I finally decided to see what all the fuss was about. Egyptian men swear Egyptian women get harassed just as much if not more than foreign women. I didn't buy it. The one thing I hate here is the amount of harassment. It is endlessly frustrating. I decided I was going to fully cover myself and try wearing a hijab to see the differences. I wanted to see the difference in social interactions, the amount of attention and harassment. Maggie, Jamie and Raina decided to tag along. We decided on a having a typical night: metro ride to a different district, dinner, walking around, shopping and returning home. The only difference this time was wearing hijabs. We talked with our adviser Randa about it, who always looks perfect in her hijab, matching colors and perfectly wrapped. She was excited to see what happened as well and helped us pin them correctly- though we each chose different styles. I prefer the double wrap with two different scarves, one kind of see-through in order to see the plain style underneath. There are tons of websites on Hijabi fashion too. (http://www.2hijab.com/ is one some of my friends look at)
Randa showed us the different ways of pinning them to frame your face and tuck your hair back, and then we were off. We made a pact to only speak Arabic throughout the night. We chose to head to Dokki which is a fun family district decently close to the middle of the city. Walking through the hotel some of the workers recognized me and exclaimed 'ah! you are even more beautiful in a hijab!' I wasn't sure if I thought that was a compliment or not.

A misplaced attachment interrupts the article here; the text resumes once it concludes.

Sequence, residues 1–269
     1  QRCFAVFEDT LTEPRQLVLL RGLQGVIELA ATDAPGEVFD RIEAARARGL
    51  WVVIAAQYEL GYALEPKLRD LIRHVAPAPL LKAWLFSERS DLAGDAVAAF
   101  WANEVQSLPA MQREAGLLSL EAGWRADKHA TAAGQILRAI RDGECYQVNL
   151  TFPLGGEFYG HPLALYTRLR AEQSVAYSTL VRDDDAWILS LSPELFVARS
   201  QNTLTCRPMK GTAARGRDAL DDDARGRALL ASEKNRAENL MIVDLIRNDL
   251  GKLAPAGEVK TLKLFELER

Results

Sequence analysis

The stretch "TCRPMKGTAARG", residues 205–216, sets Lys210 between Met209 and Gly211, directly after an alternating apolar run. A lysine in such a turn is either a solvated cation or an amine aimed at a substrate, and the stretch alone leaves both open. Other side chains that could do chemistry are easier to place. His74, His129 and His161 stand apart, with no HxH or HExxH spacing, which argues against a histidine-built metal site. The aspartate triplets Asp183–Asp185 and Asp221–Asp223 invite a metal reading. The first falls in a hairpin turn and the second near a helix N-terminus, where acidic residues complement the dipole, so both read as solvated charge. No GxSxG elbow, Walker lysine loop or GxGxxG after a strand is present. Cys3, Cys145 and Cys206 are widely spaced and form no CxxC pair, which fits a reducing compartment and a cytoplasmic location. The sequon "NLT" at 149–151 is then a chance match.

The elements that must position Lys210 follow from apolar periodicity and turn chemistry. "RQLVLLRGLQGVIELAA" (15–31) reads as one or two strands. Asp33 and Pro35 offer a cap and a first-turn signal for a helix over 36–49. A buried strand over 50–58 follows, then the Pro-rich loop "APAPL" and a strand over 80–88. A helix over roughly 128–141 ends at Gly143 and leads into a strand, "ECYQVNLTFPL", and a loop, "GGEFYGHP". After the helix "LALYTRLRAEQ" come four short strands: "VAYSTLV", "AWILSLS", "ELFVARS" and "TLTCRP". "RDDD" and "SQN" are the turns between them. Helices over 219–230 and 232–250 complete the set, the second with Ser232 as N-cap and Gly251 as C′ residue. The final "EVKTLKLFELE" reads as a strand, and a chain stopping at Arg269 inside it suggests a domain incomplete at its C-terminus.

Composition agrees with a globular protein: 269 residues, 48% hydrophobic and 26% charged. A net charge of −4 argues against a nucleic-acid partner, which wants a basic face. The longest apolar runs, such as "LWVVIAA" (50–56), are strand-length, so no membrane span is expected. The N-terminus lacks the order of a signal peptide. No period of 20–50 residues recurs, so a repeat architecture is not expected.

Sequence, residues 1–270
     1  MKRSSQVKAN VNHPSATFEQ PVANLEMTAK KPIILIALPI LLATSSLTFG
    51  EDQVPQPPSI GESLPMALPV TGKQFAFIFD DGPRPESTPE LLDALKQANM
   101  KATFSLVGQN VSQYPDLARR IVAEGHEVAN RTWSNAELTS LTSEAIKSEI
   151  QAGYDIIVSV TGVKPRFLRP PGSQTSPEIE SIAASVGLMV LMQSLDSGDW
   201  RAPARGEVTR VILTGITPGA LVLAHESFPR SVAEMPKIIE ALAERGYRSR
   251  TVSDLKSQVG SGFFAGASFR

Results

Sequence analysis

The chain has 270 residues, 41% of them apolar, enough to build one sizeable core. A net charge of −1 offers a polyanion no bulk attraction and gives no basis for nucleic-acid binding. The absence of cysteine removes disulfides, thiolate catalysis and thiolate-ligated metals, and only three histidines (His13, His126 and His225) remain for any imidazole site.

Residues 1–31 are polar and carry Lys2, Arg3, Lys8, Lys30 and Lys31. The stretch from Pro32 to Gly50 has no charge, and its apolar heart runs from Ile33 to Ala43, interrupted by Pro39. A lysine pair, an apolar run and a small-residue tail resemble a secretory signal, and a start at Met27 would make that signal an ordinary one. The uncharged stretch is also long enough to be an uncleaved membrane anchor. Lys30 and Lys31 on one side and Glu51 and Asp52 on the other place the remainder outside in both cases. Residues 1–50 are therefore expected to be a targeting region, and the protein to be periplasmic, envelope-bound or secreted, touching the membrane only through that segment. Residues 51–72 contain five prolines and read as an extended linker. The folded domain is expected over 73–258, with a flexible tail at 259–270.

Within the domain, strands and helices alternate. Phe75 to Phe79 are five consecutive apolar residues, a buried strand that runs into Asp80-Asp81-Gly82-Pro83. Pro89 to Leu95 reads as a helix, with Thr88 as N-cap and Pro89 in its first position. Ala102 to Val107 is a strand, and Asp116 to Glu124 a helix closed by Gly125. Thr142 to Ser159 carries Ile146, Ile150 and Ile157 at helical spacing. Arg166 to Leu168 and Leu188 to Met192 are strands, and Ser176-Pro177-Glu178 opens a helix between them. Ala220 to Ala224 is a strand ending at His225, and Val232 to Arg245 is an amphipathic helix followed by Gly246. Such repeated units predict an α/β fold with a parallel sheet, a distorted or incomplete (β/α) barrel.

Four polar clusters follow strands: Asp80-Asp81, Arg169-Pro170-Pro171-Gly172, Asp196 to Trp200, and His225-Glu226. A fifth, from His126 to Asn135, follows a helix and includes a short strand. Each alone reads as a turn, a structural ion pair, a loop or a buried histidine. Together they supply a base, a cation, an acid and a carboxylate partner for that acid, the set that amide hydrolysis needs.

The moment I hit the street I there was a difference. To my surprise, it was actually quite nice. We walked toward the metro but this time without whistles, hisses and glances in our direction. We blended into the daily grind with everyone rushing to and fro. People asked us questions automatically in Arabic and then only afterward were surprised by our accents. I suppose the assumption was even though we still are clearly not Egyptian, our hijabs suggested we were Muslim which generally means Arabic speakers. We still received a few, where are you from questions. But all in all the attention must have decreased by at least seventy percent. Walking in the streets you could tell people were a bit curious, but there were significantly fewer vocalized thoughts. Dinner was a breeze. We were given Arabic menus without asking and spoke in Arabic the entire time. It was a huge moral boost to realize that we can have hour long conversations in Arabic on both normal and interesting topics and understand each other. We walked around a bit and bought a few things and headed home. All of these tasks are usually completed without hassle because we have learned to ignore most comments and have adapted to act like an Egyptian. Though clearly foreigners, we are no longer tourists. Nine times out of ten I get Egyptian prices and am able to converse well with people on the street. But tonight was different. Tonight is difficult to summarize because I felt contentment in a feeling. I felt safer. I felt more invisible. Then on the way back I became frustrated with myself for enjoying the feeling of invisibility. Part of me wants to wear a hijab when I go out at night because quite frankly it saves time, grief and hassle. The other part of me was frustrated because I feel like I fell victim to the cycle that the Egyptian males perpetuate for the females. Women feel like they need to wear hijabs because men make women not completely covered feel extremely uncomfortable. If I give in to what I feel is muted cultural suppression I feel like I am not representing who I truly am. And when it all comes back down to it, isn't that what a hijab is supposed to do: Outwardly demonstrate your inward beliefs.